• http://www.facebook.com/tiago.campany Tiago Campany

    Maybe you can say it about Nintendo, but Nokia is an expert in changing its core business. It’s started as a rubber company and then became a  eletric wire company to then become a chemical and microeletronic company.

    • Anonymous

      … and Nintendo started in playing cards, then went into cabs and love hotels. And let’s not forget wood milling for Nokia.
      All true. Does not disprove the fact they missed a major change in their own industry and were made obsolete by competitors. They are still focused today on being the best… at the wrong thing!

  • http://twitter.com/steveolenski steveolenski

    Hi Thomas,

    The best line of this entire post and most telling is “No one challenges their dominance over their main business… because no-one cares.”

    I mean that is it in the proverbial nutshell. Yeah it’s great their the leader in the clubhouse but no one else is playing the same course! Reading your post and thinking of these two examples reminded me of the infamous “Good To Great’ by Jim Collins. Debate its merit if you want but the core message of the book still resonates, at least to me.

    Don’t be afraid to give up good to be great.

    I mean it’s not like Nokia and Nintendo were asked to be or tried to be something they weren’t… I remember hearing about Gerber of Gerber baby foods who tried to get into the “adult” line of food and needless to say, it failed miserably. These were two companies who were at one time the clear market leader or surely were in the top 3 yet for whatever reason they (their leadership) didn’t keep up, to put it very simply but you know what I mean… :)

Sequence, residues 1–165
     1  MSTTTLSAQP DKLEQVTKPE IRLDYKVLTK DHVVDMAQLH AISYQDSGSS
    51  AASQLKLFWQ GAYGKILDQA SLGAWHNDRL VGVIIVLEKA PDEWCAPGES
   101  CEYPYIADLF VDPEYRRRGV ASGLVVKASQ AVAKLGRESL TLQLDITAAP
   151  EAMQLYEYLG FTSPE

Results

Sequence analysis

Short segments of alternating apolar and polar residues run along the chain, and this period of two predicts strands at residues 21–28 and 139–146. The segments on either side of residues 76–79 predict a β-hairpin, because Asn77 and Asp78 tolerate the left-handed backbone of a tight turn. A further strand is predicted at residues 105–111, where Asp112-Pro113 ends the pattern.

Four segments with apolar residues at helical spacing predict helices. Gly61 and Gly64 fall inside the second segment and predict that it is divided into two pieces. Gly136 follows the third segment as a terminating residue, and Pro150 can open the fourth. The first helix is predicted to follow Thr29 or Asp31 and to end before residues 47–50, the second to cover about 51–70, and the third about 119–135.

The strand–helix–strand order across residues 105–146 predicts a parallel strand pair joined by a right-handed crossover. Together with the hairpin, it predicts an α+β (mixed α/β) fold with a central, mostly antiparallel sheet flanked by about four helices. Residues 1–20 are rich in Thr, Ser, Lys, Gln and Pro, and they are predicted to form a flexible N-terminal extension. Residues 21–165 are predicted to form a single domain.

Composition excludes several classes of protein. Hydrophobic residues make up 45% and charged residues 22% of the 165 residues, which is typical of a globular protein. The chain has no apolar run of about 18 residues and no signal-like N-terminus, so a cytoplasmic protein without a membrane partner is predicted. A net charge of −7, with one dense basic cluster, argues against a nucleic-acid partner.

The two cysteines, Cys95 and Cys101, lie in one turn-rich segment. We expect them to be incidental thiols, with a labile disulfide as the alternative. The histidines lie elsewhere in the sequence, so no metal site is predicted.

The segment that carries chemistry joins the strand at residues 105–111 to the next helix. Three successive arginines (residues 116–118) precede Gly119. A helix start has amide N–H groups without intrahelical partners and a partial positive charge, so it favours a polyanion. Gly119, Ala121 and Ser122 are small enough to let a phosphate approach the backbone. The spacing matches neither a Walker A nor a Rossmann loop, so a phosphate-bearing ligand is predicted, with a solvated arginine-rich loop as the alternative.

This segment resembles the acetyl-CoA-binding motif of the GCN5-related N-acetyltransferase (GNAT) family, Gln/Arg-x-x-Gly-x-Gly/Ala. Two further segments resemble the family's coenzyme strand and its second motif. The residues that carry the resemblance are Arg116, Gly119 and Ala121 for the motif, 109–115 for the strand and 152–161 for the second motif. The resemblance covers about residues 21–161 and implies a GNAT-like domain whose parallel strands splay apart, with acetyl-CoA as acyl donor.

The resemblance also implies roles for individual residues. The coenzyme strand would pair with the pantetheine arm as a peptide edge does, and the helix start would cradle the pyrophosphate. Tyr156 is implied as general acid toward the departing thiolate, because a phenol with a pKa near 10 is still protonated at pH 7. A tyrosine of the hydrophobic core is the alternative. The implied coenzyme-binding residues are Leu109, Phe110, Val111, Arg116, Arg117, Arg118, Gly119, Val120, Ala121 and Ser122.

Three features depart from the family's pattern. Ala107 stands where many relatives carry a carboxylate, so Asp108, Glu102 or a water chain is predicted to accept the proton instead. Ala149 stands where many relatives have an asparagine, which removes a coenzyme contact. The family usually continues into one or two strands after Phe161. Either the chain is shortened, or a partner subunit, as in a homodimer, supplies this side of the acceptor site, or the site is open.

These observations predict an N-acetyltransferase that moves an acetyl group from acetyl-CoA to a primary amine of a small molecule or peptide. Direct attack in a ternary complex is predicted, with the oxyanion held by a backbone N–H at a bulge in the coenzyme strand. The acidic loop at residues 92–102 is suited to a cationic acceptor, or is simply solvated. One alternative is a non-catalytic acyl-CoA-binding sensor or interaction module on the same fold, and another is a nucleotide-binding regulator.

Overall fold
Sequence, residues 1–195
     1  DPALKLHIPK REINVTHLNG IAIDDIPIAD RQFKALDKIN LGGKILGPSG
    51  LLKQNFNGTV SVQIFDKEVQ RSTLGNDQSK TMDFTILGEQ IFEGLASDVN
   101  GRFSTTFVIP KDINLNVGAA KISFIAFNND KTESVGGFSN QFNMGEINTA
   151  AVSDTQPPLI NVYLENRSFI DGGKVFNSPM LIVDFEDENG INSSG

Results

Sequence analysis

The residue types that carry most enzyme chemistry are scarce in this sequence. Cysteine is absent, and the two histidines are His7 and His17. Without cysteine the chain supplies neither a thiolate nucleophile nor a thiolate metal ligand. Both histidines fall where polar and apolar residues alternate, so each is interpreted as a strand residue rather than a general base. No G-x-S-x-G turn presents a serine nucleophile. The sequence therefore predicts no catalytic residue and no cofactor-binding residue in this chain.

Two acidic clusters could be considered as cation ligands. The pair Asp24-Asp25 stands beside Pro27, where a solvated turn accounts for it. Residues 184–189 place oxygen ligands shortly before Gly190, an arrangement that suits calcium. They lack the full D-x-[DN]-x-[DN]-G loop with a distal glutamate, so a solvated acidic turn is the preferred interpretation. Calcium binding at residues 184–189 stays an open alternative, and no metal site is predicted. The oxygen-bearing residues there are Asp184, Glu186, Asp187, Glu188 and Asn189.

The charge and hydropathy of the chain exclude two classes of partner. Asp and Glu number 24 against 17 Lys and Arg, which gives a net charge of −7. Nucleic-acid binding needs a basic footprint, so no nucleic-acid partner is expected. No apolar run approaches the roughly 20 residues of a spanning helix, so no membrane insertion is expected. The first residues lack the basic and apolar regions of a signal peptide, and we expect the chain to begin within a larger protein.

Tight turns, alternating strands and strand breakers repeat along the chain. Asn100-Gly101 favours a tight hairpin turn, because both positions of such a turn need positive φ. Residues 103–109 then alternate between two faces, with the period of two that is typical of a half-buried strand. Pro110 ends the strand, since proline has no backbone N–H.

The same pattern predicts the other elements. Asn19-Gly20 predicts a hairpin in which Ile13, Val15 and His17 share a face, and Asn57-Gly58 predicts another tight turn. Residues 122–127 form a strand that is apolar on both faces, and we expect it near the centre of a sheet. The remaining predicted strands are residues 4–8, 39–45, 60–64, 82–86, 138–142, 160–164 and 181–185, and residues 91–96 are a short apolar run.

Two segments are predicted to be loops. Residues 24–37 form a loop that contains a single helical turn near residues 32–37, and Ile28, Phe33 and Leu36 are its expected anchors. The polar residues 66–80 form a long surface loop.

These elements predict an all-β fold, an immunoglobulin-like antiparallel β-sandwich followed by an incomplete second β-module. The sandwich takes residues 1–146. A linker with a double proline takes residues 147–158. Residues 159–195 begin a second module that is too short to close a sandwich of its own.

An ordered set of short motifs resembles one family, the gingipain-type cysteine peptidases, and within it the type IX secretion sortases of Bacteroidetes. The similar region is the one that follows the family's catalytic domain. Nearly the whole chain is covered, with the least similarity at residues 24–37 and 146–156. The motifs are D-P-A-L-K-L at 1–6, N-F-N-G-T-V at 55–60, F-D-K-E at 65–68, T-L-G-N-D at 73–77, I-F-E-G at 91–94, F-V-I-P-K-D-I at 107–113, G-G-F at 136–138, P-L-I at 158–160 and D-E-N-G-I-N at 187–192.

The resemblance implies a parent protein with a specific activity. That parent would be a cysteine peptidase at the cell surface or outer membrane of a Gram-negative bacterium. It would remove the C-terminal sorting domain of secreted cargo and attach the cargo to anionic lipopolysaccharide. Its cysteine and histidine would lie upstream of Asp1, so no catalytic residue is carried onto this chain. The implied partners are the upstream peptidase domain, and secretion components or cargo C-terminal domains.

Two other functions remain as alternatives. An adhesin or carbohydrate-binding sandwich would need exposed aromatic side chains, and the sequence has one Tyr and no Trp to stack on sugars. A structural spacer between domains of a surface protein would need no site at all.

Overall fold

Great post Thomas!

    Steve O

    • Anonymous

      Thanks for the comment, Steve!
      What’s interesting about Good to Great is that the companies Jim Collins studied and praised as champions of greatness have all fallen to mediocre since… or gone bust (Circuit City). Another great book called The Halo Effect explains why really well… there s no such thing as permanent greatness in business!

      • http://twitter.com/steveolenski steveolenski

        Hey Tom,

        Hadnt heard of The Halo Effect, will definitely check it out but as for your line, “there s no such thing as permanent greatness in business!” try telling that to Mr. Jobs, et al… :)

        Have a great day!
        Steve O

  • http://www.hanelly.com hanelly